Strong and Healthy Congregations?

Stephen Kriss

steve_small.jpgGulf States Mennonite Conference leader Steve Cheramie-Risingsun said last month at Deep Run East that the church needs Franconia Conference congregations to be strong and healthy. He said that in native tradition the strong, straight trees growing around Deep Run’s meetinghouse suggested good earth and good care-taking.

Steve’s assertion and observation made me ask questions. What does it mean for congregations to be strong and healthy? How is that achieved or maintained? How do centuries old communities remain healthy and strong rather than fragile and disintegrating? What does it mean to be strong, well stewarded and rooted in good earth?

Strong and healthy congregations are careful about what they consume and what consumes them. We live in an age of buffets (both China Wok and Shady Maple) with so much food in the offing that we can easily overeat and ingest more resources than necessary. Consuming too much makes it difficult to move quickly and stresses our bodies. We live in an age of access to information and images that enables us to graze and gaze in ways we never could before. This access can move us into a stupefying information overload in which we confuse knowing, caring, and acting. We even become consumers of the most holy actions – service, worship, learning, travel, rest – which rather than bring us closer to God serve to disconnect, disengage, and disenchant.

Strong and healthy congregations stretch while strengthening their core. I took a pilates class once and the instructor insisted that the body’s core is strengthened through sometimes painful and awkward stretching. The instructor said the body’s core bears much of the ability to move and to deal with tension. Jeanette Baum writes about Deep Run East’s experience building a home for “Shelter of Life” which led to Steve Cheramie-Risingsun’s visit which led to an article in the Allentown Morning Call and regional Native leaders visiting the congregation. In strengthening a core of service in the name of Christ, the church is being stretched in unexpected ways.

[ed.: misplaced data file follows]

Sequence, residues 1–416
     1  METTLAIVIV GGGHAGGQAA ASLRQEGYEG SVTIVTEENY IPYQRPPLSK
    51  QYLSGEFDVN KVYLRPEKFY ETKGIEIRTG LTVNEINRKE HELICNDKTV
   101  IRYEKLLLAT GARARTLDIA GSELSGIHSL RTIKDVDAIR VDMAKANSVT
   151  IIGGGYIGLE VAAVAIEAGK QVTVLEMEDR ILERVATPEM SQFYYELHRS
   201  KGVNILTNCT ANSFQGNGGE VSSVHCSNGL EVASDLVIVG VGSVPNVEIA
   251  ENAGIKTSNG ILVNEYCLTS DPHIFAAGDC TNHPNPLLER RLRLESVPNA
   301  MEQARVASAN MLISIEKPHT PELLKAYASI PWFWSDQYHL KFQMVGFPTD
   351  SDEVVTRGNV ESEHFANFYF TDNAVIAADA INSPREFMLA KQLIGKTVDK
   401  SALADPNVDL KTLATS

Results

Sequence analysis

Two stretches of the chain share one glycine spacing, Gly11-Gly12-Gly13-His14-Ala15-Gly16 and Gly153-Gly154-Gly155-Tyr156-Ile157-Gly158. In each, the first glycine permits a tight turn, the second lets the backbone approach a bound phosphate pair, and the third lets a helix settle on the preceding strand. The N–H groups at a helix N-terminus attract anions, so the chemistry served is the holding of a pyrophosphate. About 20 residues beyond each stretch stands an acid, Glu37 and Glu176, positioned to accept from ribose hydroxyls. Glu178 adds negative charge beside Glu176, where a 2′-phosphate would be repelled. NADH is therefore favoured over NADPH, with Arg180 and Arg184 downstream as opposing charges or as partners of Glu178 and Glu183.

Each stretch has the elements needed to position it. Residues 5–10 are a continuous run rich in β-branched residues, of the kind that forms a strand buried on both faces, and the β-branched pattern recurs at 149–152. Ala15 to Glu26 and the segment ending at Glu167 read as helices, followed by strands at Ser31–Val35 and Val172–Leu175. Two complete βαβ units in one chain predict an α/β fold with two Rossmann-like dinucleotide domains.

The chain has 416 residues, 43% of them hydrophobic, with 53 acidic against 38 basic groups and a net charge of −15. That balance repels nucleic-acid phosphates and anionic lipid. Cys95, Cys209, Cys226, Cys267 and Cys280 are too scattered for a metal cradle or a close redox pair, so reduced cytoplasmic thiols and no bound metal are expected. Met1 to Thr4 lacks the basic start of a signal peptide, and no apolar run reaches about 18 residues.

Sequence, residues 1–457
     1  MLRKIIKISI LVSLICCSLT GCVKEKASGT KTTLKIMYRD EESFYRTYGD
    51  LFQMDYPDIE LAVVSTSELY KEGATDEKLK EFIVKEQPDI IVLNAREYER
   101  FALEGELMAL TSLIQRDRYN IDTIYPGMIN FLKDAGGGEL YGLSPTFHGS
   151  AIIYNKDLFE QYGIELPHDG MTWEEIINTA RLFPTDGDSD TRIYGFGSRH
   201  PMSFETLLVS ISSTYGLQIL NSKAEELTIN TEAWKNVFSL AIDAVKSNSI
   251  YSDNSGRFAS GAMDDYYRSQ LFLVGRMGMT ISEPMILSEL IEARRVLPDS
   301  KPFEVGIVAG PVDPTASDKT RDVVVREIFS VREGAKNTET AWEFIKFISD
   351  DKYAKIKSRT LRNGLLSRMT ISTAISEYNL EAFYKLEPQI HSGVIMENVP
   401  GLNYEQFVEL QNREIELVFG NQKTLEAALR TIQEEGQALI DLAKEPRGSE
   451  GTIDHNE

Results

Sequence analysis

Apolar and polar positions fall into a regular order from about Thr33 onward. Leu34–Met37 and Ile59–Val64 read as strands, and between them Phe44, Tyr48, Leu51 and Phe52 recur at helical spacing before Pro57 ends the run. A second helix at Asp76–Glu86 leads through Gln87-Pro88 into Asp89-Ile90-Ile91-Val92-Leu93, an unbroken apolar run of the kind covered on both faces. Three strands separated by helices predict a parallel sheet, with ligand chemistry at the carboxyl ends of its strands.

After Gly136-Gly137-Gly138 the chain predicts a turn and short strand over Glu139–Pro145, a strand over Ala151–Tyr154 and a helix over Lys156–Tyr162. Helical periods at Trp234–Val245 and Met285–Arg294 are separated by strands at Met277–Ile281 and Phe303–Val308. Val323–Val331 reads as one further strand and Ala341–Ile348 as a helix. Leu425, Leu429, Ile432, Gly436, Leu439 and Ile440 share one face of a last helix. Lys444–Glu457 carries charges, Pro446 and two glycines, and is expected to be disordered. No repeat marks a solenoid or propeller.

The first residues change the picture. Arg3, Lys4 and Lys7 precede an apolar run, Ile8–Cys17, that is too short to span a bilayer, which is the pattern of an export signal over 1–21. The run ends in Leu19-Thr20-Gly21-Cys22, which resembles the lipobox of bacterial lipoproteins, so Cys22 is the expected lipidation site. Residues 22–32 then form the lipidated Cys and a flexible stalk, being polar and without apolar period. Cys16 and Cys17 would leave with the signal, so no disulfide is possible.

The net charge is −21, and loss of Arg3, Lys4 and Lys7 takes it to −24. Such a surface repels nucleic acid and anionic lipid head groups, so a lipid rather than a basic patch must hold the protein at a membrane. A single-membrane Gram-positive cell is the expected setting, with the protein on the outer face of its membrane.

Strong and healthy congregations develop relationships that result in new commitments and growth. In Blaine Detwiler’s encounter with Anabaptists in the United Kingdom, we witness a challenging and hopeful emerging relationship. What does it mean for the Western Hemisphere’s oldest Mennonite community to learn from new Anabaptists across the pond?

Could these new relationships and fresh commitments inspire us to create communities that might look radically different from our historic realities? Could the British perspective provide a path for new generations to embrace Anabaptism in a postmodern, global information age? Both the Franconia congregation and Philadelphia Praise Center are building new relationships with Spanish-speakers in their settings. These possibilities have grown from Franconia Conference relationships in Mexico. What commitments will
emerge as these relationships grow?

Strong and healthy congregations train and practice in preparation for witness, response and decision-making. As followers of Jesus, we train and practice our actions in community. Training and practice builds strength and capacity for public witness and response. We sing and pray together. We listen and study together. We eat, laugh, disagree and cry. We wash each other’s feet both literally and figuratively. We share our questions, doubts and possessions. We practice the faith so that we are fully prepared to give witness to the nonviolent way of Christ relevantly and redemptively. According to Mennonite Weekly Review, the top media stories about Mennonite life in 2006 were related to radical forgiveness (the Amish at Nickel Mines and the holding of Christian Peacemaker Team members in Iraq). These moments of profound public witness are rooted in practiced shared action and commitment.

Menno Simons would suggest that strong and healthy congregations are active and cannot be dormant, becoming all things to all people in diverse incarnations of the love that is God. It’s not enough for congregations to be strong and healthy for our own sake, aiming alone to build edifices and program. Instead, this health and strength enables us to move toward vulnerability, openness and risk that becomes the presence of Christ in the world.